Voters want a ban on AI election ads to stop deepfakes

Jennifer Dudley-Nicholson |

A major study shows many people are struggling to identify misinformation in election campaigns.
A major study shows many people are struggling to identify misinformation in election campaigns.

Four in five voters want the use of artificial intelligence technology banned from being used to create election ads, research has found, and most are concerned misinformation and deepfake images will impact elections. 

Tech giant Adobe released the findings on Friday from a study that also showed most respondents were struggling to identify misinformation and almost one in three had reduced their time on social media to avoid being deceived. 

The results follow several examples of AI misuse in political campaigns and after Australia’s Electoral Commissioner warned the body did not have the laws or tools to address AI misinformation at the next federal election. 

Adobe’s Future of Trust Study surveyed 1005 adults across Australia and New Zealand and found 80 per cent thought election candidates should be banned from using AI to create promotional material and 78 per cent considered deepfakes a risk to democracy. 

Most participants considered it important to know whether content had been generated using AI tools (81 per cent) and 32 per cent said they had stopped using a social media platform, or used it less often, due to the risk of misinformation.   

Adobe Asia Pacific government relations director Jennifer Mulveny said the results showed people wanted greater guidance, tools and restrictions to help them judge the information shared online. 

Election advertising
A majority of people surveyed want to know whether content has been generated using AI. (Bianca De Marchi/AAP PHOTOS)

“(The study) underscores the importance of building media literacy among consumers, where they are not only alert to harmful deepfakes but have the tools to discern fact from fiction,” she said. 

“As the Australian federal election looms, adopting protective technologies like content credentials will be crucial to help restore trust in the digital content we are consuming.”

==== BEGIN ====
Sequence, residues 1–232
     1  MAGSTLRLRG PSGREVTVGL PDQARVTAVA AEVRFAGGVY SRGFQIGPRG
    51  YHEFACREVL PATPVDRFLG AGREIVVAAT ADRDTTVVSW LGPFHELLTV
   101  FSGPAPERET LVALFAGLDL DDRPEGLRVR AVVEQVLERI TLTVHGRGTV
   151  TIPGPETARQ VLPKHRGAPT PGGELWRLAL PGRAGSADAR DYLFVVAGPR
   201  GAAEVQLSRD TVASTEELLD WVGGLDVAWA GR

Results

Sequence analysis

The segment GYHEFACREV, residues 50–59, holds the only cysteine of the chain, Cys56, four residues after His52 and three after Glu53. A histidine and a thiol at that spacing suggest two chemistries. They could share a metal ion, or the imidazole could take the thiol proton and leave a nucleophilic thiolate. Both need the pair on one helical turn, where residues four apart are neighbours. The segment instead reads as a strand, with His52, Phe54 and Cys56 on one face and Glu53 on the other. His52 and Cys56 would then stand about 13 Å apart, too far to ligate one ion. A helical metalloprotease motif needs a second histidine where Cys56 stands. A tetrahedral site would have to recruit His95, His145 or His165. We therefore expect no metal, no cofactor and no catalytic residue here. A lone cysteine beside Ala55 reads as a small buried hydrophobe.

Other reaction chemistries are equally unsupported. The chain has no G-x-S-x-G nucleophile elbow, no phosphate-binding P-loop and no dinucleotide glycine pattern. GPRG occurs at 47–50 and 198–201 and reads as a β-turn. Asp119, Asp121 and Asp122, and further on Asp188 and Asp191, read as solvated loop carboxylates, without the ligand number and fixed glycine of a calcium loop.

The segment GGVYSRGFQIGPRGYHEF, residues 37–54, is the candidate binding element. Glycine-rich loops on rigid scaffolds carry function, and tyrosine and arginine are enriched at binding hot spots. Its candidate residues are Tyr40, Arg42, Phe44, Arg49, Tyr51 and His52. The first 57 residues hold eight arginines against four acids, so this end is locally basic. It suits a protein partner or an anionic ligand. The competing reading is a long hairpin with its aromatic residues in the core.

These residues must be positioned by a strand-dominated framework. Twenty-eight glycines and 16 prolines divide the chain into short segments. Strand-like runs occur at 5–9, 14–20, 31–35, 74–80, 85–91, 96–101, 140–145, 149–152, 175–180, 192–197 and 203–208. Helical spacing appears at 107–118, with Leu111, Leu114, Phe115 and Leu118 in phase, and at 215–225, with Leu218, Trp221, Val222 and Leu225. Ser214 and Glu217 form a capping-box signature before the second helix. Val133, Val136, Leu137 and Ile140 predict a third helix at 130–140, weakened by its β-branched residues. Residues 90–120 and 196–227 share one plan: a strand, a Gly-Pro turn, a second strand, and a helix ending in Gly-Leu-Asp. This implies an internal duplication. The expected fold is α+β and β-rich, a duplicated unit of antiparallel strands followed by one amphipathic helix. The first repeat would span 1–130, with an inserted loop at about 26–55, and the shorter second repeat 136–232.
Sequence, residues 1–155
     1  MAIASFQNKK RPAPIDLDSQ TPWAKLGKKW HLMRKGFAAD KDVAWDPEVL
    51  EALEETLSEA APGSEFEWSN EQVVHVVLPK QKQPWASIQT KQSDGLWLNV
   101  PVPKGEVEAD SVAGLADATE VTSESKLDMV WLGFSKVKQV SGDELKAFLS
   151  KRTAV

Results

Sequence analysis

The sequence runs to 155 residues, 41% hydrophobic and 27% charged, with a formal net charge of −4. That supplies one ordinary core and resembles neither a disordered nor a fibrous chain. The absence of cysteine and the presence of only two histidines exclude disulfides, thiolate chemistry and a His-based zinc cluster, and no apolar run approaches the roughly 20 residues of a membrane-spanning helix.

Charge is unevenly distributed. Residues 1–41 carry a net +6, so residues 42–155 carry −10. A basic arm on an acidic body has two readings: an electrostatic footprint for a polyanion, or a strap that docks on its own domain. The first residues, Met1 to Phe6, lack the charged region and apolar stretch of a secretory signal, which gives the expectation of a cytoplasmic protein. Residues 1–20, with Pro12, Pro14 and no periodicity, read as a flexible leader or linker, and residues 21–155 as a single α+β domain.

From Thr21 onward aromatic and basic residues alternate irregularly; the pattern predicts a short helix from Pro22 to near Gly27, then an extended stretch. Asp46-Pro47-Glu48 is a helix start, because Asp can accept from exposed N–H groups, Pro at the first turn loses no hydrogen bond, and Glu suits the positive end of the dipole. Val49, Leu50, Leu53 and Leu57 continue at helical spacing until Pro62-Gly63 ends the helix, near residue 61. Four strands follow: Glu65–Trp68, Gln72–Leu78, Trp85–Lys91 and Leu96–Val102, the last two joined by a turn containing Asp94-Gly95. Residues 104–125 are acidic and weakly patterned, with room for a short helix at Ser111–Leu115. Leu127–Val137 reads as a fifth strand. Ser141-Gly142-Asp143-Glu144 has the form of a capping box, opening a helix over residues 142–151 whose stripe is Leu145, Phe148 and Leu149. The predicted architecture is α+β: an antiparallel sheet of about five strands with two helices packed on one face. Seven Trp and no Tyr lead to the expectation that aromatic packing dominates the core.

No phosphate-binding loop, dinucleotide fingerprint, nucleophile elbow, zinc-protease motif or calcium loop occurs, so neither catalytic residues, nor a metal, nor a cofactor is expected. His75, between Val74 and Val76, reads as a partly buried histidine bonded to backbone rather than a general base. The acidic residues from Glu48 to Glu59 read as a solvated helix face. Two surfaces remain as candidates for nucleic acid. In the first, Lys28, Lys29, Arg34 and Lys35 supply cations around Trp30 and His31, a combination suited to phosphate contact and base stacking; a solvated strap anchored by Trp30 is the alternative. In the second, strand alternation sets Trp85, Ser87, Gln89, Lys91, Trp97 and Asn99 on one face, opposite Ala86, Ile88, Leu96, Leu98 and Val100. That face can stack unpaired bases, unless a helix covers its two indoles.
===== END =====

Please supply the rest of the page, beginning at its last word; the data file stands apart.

Widespread concerns about AI tools being used to mislead voters emerged after several examples of AI-generated misinformation and disinformation were identified in election campaigns in the US, Pakistan, Indonesia, South Korea and Europe. 

AI-created election material has so far included deepfake videos, recorded phone messages mimicking candidate voices and urging people not to vote, and chatbots giving incorrect information to voters.

Australian Electoral Commissioner Tom Rogers raised concerns about the issue at a Senate inquiry into Adopting Artificial Intelligence in May, but told the meeting a “blanket ban” on the use of AI tools in election material would be difficult to implement. 

Instead, Mr Rogers said Australia should consider a national digital literacy campaign to warn voters of the risks, and regulations to clearly label content that had been created using AI tools.

“Digital watermarking could be a very important tool for us to be able to assist,” he said. 

“AI is improving the quality of disinformation to make it more undetectable and it is also then going to spread far more quickly, through multiple channels.”

Australia’s next federal election is expected to be held by May 2025, though the Queensland government is due to hold an election by October this year.